If the Volt driving experience has an Achilles' heel, it's the brakes. The balance between the regenerative braking system and the Volt's friction brakes is both out of whack and inconsistent. Applying the same amount of pedal pressure for two subsequent stops would produce noticeably different deceleration rates. This made it difficult to judge stopping distances, which led to more than a few "Holy crap" emergency stops, jostling the vehicle and its passengers. At lower speeds, the brakes were excessively grabby with a digital on/off feel that was difficult to modulate, making the simple act of parallel parking a herky-jerky affair.
The bad news is...
Brakes aside, the bad news is that the Volt has one of the worst dashboard designs that I've ever endured. This is, of course, partially my subjective opinion -- I'm just not a fan of the Volt's interior styling -- but there are a number of demonstrable human-machine interface design issues that I'd like to point out.
Let's start with the instrument cluster. The Volt uses a full LCD to display the vehicle's speed, battery level, fuel level, range, trip information, green driving gauge, and so on. However, the interface that's placed in front of the driver is so poorly organized that it's difficult to simply glance down and see your speed. At times there are almost a dozen visual elements scattered across a black background with little visual hierarchy to differentiate the important elements from the secondary. It's a mess of icons and text, all competing for your attention. Ford's MyFord Touch display in theand presents just as much information without feeling overwhelming.
The center stack is a blob of a glossy plastic covered with small capacitive touch buttons with text labels. I'm not completely averse to capacitive buttons and most (though not all) of them feature raised nubs that add a bit of tactile feedback. However, the buttons are all evenly spaced and spread out around the stack. The small all-caps text buttons are difficult to read at a glance and sometimes bear unintuitive abbreviations. No kidding, it took me a full minute to find the NAV button on my first try. I challenged everyone who took a ride with me during the week to find various functions and found that I wasn't the only one having difficulties here. This is hardly an ideal setup for use in a moving vehicle.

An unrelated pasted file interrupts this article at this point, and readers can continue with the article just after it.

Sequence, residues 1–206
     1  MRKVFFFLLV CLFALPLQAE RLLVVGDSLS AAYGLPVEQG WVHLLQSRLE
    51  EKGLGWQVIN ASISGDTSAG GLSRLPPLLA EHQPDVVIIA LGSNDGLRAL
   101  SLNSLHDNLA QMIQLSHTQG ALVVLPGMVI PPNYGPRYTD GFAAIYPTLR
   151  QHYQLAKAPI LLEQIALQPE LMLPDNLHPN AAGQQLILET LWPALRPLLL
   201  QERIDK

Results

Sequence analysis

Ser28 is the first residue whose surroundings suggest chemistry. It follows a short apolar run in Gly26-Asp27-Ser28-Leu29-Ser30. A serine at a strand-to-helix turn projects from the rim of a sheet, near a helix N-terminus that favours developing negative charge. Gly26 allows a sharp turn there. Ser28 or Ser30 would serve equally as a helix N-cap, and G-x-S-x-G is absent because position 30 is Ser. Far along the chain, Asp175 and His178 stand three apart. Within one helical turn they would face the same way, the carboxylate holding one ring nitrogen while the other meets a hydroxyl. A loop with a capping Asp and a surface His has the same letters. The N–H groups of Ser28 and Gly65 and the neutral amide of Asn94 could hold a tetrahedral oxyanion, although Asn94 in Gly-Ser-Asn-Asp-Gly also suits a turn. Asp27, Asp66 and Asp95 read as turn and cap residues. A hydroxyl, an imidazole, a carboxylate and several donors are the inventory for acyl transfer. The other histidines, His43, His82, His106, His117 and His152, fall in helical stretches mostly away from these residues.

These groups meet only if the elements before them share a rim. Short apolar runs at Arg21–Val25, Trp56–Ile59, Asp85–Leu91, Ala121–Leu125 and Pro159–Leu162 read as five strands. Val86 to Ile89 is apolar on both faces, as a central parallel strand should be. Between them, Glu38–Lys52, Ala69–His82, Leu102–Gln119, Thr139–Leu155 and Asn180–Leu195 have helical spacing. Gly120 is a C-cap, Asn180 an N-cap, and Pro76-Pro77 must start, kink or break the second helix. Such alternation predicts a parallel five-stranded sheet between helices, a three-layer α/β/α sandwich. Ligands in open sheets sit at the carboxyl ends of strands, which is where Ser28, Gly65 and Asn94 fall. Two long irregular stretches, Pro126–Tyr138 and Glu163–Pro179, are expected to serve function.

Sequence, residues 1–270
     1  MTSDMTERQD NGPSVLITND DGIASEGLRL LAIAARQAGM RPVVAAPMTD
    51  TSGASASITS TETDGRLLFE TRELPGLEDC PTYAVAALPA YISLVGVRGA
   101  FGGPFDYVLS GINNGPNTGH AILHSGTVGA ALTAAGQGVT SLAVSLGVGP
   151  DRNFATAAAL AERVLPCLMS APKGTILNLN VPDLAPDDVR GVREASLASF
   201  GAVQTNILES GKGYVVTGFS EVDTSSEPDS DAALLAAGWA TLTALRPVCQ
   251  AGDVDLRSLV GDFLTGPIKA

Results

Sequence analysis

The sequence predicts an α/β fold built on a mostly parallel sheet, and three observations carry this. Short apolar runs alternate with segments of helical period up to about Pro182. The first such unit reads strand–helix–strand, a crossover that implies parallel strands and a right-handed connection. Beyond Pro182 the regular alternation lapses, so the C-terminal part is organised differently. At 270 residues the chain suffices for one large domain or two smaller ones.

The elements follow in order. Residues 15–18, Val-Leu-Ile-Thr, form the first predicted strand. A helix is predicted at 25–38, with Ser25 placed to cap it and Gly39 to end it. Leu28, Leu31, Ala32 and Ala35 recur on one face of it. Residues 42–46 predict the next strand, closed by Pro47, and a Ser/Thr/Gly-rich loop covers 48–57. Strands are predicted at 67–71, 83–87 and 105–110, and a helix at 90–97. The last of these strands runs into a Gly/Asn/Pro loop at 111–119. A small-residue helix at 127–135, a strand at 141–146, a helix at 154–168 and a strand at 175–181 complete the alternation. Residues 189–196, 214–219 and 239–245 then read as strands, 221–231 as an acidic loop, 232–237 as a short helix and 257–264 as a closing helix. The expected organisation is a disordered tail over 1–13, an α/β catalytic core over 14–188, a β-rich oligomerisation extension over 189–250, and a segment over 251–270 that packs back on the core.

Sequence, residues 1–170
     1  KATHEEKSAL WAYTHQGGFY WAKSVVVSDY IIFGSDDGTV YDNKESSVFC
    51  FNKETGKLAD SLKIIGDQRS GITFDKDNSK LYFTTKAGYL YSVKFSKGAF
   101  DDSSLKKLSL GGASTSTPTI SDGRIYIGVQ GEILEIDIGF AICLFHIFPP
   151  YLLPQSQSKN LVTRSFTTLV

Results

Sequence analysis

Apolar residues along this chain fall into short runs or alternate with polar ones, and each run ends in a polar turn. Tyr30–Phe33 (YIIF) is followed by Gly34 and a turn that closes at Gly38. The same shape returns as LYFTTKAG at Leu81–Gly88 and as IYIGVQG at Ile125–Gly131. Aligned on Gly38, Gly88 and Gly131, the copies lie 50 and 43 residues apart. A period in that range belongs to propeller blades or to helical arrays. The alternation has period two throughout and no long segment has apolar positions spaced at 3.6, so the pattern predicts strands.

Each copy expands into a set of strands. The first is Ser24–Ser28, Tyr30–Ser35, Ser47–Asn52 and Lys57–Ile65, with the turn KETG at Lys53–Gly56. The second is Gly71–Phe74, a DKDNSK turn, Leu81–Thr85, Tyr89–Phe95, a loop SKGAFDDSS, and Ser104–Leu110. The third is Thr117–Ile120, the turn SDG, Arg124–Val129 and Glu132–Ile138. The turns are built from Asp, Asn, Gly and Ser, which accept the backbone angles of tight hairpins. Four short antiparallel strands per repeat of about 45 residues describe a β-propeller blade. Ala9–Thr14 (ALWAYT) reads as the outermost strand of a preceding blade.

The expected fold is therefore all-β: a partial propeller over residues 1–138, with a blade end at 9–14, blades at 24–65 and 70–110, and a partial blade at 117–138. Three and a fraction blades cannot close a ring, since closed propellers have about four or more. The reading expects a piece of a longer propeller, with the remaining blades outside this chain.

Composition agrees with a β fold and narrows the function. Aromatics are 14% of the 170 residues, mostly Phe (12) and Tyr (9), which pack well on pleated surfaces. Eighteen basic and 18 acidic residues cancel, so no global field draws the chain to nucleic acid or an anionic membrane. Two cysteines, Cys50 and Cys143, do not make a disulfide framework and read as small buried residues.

Thankfully, the Volt does use physical knobs for volume control and navigation and selection of items on the display at the top of the stack. That display is a 7-inch touch screen, which gives a second way to interact with the Volt's display. The virtual interface of this screen is, thankfully, simple to operate and easy to understand. Functions are about where you expect them to be and the learning curve is an easy one.
While I'm complaining, the Volt's battery pack necessitates that the back seats be buckets and not the conventional bench. While this looks cool, it does limit the passenger load to four rather than the more typical five. Additionally, Chevrolet has chosen to leave a huge gap between the seats, so there's no real separation between the cabin area and the storage area. This isn't that big of a deal until you have to make one of those emergency stops I mentioned earlier and your groceries in the trunk go spilling into the back seat.
Cabin comfort and tech features
The Volt is powered by a revolutionary power train, but its dashboard tech is decidedly conventional. Keyless entry and push-button start are standard, as is a remote starter system. The standard touch-screen interface puts green driving information, charging and battery level information, and audio sources at the driver's fingertips.